Design, Continued: An Ultra Mega Phone

Of course, the flagship entry in the 2020 Galaxy line-up is the Galaxy S20 Ultra. Samsung here literally supersized the design, making a much larger and heftier version that goes beyond what the “regular” plus models offer. While the S20+ fits in the same form-factor as the S10+, the S20 Ultra is clearly a bigger phone, more in line with the behemoth that was the rare S10 5G.

The biggest differences in the design aren’t found in the front of the phone – here the Ultra essentially just looks the same as the other two S20 devices and you’d be hard pressed to tell them apart other than their size. Turn it around though, and you’ll see the Ultra’s enormous camera housing that is very distinct from any other phone on the market.

The first thing you’ll notice when handling the Ultra, beyond it having a larger footprint, is that it’s clearly a thicker phone. It’s 1mm thicker than the S20+, which is a 12.8% increase and is very noticeable. The sides of the phones are still curved as on the S20+, however the curve is now deeper, and the metal frame on the side of the phone is a sliver thicker than on the smaller variants.

The ergonomics are still good for a phone of this size, but of course, you’ll need to be used to having a phone this size.

Another aspect where the S20 Ultra just outsizes the S20+ is in terms of weight. At 220g, the phone is much closer in weight to an iPhone Max than it is the lighter, 187g S20+. With the weight does come a larger battery, which is now 5000mAh (typical capacity), an 11% increase over the S20+’s 4500mAh capacity.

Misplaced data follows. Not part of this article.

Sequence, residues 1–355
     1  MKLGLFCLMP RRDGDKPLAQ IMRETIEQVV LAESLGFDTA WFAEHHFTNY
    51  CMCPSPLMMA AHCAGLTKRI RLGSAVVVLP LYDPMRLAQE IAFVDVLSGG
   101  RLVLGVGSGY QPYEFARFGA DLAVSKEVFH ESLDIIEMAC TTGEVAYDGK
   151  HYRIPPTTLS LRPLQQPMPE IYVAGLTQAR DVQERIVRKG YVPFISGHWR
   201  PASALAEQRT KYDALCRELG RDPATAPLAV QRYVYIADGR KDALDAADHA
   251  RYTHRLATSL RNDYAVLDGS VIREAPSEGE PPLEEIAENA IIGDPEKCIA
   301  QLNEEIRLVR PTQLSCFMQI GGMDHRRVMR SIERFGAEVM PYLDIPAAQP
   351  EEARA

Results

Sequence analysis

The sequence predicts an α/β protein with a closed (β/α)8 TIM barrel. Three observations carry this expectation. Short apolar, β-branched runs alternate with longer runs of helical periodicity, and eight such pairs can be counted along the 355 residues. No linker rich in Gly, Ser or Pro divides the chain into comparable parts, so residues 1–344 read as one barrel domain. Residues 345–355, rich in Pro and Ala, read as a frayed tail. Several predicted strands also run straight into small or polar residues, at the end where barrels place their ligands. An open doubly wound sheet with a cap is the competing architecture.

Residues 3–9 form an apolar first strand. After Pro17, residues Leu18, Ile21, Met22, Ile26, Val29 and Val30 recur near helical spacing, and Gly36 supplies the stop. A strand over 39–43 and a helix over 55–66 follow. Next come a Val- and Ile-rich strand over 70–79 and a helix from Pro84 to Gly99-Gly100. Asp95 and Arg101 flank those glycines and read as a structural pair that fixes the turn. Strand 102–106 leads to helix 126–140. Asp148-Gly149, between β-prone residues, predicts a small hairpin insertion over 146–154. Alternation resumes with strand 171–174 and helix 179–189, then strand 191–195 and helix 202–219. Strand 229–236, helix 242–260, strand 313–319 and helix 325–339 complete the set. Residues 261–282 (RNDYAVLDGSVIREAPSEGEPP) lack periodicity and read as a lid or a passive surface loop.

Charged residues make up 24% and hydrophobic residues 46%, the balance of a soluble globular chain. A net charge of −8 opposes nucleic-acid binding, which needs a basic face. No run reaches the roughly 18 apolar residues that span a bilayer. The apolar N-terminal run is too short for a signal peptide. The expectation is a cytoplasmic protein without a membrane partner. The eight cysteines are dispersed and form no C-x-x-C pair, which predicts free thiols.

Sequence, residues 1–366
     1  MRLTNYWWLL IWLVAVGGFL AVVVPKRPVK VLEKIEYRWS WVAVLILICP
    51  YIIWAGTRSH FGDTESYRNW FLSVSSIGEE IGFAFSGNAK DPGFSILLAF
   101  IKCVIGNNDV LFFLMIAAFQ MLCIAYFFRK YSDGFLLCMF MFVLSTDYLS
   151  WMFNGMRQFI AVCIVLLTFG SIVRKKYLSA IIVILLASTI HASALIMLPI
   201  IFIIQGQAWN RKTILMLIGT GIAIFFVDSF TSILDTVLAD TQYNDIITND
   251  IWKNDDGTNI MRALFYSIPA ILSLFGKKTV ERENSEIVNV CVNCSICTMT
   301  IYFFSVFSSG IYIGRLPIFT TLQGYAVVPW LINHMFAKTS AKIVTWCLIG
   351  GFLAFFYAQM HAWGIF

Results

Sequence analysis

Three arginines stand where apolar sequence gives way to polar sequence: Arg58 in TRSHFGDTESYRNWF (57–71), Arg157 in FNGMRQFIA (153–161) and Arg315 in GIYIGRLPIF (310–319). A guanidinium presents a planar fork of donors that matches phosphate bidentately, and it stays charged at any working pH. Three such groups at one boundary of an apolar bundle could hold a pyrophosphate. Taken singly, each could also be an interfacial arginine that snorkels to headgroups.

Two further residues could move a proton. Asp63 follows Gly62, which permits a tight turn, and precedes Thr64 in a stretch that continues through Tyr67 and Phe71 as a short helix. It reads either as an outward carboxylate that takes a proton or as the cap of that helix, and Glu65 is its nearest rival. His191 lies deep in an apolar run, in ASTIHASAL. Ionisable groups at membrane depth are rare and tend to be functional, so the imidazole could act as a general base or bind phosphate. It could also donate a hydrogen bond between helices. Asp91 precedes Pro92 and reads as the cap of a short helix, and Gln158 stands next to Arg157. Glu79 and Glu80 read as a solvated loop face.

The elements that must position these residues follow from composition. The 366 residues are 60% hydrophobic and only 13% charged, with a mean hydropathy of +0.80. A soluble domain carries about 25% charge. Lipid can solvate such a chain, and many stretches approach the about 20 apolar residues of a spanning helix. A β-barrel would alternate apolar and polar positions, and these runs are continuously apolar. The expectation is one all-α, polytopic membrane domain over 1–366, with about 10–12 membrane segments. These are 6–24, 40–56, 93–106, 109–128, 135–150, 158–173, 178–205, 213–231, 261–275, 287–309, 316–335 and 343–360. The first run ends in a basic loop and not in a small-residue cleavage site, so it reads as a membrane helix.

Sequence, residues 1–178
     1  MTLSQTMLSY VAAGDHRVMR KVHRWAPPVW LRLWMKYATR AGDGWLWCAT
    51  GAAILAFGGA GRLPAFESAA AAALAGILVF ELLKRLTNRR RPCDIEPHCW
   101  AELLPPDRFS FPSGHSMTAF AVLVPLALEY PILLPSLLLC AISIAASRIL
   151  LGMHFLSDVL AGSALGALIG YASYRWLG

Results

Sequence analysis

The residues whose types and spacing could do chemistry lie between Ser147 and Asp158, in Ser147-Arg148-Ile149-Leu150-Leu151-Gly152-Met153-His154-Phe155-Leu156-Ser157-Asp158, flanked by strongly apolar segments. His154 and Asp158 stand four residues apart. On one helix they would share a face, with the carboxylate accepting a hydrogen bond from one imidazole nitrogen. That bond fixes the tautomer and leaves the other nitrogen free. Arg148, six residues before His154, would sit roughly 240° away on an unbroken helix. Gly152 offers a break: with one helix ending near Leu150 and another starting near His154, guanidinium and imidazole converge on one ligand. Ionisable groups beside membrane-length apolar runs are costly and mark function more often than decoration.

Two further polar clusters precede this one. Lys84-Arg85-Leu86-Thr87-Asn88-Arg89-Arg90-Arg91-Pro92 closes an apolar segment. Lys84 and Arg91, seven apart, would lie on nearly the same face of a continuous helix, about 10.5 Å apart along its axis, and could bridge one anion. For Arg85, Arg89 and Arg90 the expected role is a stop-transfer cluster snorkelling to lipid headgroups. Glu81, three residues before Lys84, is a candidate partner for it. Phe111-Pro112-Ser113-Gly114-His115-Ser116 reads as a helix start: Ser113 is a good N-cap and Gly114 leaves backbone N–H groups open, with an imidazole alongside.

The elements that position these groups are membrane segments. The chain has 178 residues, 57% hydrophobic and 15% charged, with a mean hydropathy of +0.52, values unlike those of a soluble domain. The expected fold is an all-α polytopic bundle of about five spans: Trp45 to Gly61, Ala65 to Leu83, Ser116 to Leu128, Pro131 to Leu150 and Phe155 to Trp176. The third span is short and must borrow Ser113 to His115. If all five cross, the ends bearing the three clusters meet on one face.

Then there’s the camera bump of the Ultra. There’s no better word to describe it other than "enormous". The problem here isn’t that Samsung had to extend the camera housing thickness in order to integrate the complex camera modules and optics which the Ultra offers, but that they did so in what I find to be a very boring and ugly manner.

Most notably, the rim of the camera housing is just a raised metal element that protrudes out, which is in contrast to the curved design of the rest of the phone. Samsung probably decided that leaving such a big protrusion doesn’t look so good, so they added in another step in the frame between the glass back and the full protrusion – best way to describe it is that it looks like a gasket. The whole thing just looks very cheap and doesn’t compare to the filleted glass design from Apple or even the filleted “gasket” that Huawei uses in the recently announced P40 Pro. My biggest pet peeve about Samsung’s design is that it’s super prone to collecting dust in the three grooves around the camera – both of my S20 Ultras are full of it right now as I’m writing this. It feels like a rushed design with very little manufacturing refinement.

One other difference I noticed is in the speaker audio quality. The S20 Ultra does sound fuller and a bit less high pitched, probably due to the larger internal reverberation space of the design. It’s the better sounding phone of the S20 series.